What Is Dry Socket and What Does Dry Socket Feel Like?
Most of the time, when suffering from a toothache, we tend to believe that the only thing that could rid us of such pain is tooth extraction. While that does take care of the aches (and some other dental maladies), tooth extraction can lead to a complication of terrible, almost unbearable pain. According to Gentle Touch Dentistry, a dentist in Palos Hills, this is a symptom associated with dry socket, or alveolar osteitis.
What Is Dry Socket?
Each of our teeth grows out of a socket in the mouth; once a tooth is extracted, what’s left is the tooth socket. According to the American Dental Association, “Dry socket is a painful condition that sometimes occurs after a tooth is extracted. It happens when the blood clot that forms over your socket is displaced, leaving bones and nerves exposed.” After a tooth extraction, blood starts to clot over the socket, sealing it and allowing the socket to heal. However, for reasons not yet fully understood by dental specialists, this blood clot can get dislodged, rendering the bones and nerves vulnerable.
In a research conducted by the Department of Oral and Maxillofacial Surgery of the University of Illinois in Chicago, 95-100% of all dry socket cases are reported within one week of the extraction, with most occurring within one to three days. The research also compares the incidence of alveolar osteitis among different types of extraction. Regular dental extractions have a dry socket incidence of 0.5% to 5%; mandibular third molar extractions have a dry socket incidence of 1% to 37.5%; and the highest rate is associated with surgical extractions, with incidences up to 10 times higher.
What Causes Dry Socket?
Dry socket is the most common complication associated with tooth extractions. Dental experts still haven’t fully established what causes dry socket, although some risk factors have been recognized:
- Surgical trauma and difficulty of surgery
- Inexperienced surgeon
- Removal of mandibular third molars
- Systemic disease such as diabetes
- Using oral contraceptives
- Patient’s gender (a higher incidence of dry socket have been reported among female patients)
- Drinking through a straw
- Physical dislodgement of the blood clot
- Bacterial infection
- Excessive and repeated irrigation of alveolus
- Age of the patient (higher incidence of dry socket have been reported among patients over 24 years old)
- Local anesthetic with vasoconstrictor
- Bone/root fragments in the wound
What Does Dry Socket Feel Like?
Dry socket is reported to be even more painful than the tooth extraction procedure, where anesthetics are used to numb the gums and the nerves. In some cases, the pain is much more unbearable than what existed prior to the procedure. As reported on Colgate’s website, when the blood clot is dislodged, the socket is left vulnerable to elements such as air, water and food. When these elements come in contact with bones and nerves, it results in a searing pain that radiates and lasts for a few hours or sometimes even days.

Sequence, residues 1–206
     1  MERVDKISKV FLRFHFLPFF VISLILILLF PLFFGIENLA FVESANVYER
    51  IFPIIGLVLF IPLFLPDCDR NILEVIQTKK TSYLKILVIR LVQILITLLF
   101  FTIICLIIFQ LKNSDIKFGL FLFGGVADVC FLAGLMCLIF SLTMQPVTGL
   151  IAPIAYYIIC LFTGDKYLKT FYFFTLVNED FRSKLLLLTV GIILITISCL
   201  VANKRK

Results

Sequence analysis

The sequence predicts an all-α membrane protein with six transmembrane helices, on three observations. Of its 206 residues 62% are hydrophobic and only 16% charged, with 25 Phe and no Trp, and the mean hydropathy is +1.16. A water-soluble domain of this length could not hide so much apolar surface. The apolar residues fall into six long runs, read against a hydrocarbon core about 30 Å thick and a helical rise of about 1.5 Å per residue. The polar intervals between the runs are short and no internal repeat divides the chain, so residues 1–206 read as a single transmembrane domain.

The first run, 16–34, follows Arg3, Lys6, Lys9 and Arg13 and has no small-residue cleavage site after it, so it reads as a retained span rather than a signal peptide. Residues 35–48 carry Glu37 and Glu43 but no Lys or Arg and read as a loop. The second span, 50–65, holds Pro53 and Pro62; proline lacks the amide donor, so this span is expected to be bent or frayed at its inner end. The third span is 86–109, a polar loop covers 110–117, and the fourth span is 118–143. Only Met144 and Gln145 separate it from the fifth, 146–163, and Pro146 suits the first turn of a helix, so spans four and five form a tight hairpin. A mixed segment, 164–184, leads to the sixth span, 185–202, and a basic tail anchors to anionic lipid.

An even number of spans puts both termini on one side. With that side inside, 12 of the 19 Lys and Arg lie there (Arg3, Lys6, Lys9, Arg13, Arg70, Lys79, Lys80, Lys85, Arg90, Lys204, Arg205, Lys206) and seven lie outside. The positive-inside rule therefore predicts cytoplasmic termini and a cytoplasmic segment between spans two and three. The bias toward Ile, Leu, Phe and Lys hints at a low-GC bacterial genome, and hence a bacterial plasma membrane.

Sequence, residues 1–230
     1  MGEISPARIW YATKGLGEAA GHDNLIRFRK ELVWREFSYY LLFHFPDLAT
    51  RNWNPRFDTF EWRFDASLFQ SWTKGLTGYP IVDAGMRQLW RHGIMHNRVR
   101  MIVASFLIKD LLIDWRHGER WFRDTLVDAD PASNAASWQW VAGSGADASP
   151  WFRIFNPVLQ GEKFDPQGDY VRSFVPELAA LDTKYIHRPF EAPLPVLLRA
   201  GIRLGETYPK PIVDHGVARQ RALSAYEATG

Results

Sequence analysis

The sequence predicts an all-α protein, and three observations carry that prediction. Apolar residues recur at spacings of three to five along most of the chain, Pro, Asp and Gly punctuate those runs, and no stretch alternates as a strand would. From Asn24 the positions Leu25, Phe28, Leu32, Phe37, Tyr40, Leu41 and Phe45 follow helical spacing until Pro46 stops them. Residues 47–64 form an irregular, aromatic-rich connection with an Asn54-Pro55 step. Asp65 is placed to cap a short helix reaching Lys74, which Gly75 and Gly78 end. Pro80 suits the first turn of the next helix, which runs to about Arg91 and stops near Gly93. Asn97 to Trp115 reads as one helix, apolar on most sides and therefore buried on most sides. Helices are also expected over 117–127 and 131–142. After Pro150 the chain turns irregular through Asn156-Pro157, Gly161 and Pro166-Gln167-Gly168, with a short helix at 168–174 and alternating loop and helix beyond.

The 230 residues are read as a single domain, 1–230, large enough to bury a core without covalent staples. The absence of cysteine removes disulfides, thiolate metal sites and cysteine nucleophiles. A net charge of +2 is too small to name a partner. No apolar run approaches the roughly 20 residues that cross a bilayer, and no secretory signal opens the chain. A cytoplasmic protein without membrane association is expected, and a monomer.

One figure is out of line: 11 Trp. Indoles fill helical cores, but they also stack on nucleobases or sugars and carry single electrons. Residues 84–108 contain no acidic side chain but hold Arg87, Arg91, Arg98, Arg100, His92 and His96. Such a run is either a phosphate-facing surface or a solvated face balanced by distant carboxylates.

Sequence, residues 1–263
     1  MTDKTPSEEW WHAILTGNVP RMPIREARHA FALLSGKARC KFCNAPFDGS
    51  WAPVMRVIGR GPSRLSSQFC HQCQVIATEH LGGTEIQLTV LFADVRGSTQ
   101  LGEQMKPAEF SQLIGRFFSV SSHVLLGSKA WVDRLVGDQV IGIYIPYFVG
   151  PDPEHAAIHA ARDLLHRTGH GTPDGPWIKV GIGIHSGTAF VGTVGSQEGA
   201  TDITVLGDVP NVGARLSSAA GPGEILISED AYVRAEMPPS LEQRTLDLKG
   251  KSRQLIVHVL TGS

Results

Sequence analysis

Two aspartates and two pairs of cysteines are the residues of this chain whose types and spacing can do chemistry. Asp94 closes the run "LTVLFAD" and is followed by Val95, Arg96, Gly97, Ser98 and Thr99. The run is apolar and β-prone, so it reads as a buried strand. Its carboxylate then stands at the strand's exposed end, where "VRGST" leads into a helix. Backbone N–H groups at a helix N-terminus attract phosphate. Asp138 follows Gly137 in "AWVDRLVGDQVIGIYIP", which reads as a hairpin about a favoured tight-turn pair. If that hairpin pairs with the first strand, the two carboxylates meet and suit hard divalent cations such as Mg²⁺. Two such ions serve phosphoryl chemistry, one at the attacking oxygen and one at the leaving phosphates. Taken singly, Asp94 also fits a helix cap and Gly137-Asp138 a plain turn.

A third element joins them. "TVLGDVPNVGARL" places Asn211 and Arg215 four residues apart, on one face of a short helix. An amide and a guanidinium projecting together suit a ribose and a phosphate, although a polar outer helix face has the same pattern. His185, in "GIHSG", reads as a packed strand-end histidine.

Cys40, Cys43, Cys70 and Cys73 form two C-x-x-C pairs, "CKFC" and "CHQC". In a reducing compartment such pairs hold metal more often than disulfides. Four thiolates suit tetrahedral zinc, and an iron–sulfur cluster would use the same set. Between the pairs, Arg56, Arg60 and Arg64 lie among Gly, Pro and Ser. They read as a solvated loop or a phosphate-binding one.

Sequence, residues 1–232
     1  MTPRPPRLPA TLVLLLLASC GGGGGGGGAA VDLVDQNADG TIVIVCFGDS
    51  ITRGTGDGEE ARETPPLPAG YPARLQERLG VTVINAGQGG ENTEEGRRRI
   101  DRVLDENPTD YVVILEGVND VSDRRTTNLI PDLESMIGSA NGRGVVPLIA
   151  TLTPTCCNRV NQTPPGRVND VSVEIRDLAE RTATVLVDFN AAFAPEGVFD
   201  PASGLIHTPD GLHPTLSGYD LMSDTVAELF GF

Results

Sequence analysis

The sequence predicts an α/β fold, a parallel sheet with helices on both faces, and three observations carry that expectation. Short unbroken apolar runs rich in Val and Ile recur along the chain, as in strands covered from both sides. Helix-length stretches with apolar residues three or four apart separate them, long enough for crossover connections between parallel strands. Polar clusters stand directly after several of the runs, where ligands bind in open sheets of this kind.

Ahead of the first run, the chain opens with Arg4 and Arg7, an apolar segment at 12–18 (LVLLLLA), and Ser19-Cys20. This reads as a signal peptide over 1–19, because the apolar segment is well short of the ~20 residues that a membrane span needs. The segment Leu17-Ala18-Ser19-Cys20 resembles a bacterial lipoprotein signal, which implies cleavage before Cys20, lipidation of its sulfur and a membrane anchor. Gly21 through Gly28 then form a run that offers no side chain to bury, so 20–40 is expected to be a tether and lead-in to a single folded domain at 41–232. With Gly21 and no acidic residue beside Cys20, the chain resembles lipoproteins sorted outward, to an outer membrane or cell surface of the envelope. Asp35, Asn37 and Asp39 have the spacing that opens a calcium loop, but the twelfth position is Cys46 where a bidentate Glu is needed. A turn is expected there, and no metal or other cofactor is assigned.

How Can You Prevent Dry Socket?
Dry socket can be prevented by proactively making the mouth area conducive for healing. Women are recommended to forego oral contraceptives during the healing period, as these prevent blood clot formation. Smoking must also be avoided, as not only does it prevent clotting, but also makes the extraction area susceptible to bacterial infection.
Pain medication and antibiotics help manage pain and avoid infection, but in severe cases, it is most prudent to go back to the dentist. It is important that you have your dry socket checked for possible infection, in which case, the dentist will have to clean the area of residue and re-dress it if necessary. Research has shown that dressing the wound in gauze delays the healing process, although it works to protect the area against infection. A post-procedure checkup is necessary to guarantee that healing has completed and no other complication has arisen from the extraction.
The first five days following your tooth extraction are most critical to the healing of the socket. Most dentists give patients a pamphlet that illustrates post-procedure dos and don’ts. In case your dentist misses out on this one, here are a few tips:
- Avoid strenuous physical activity in the first 24 hours. You could be feeling physically well, but physical activities such as working out, running and lifting heavy weights can put pressure onto the affected area, causing the blood clot to become dislodged.
- Let the blood clot. Keep the gauze in place for about an hour post-operation, as this helps stop bleeding. In case bleeding persists within the next few hours, place a wet tea bag over the socket, as the acid in the tea helps stimulate clotting.
- Apply an ice pack to the affected area to numb the pain and prevent swelling.
- Rinse with a warm saline solution 12 hours post-operation.
- Avoid solid foods until you feel the numbness go away. It is best to stick with soft foods such as porridge, soup, and smoothies.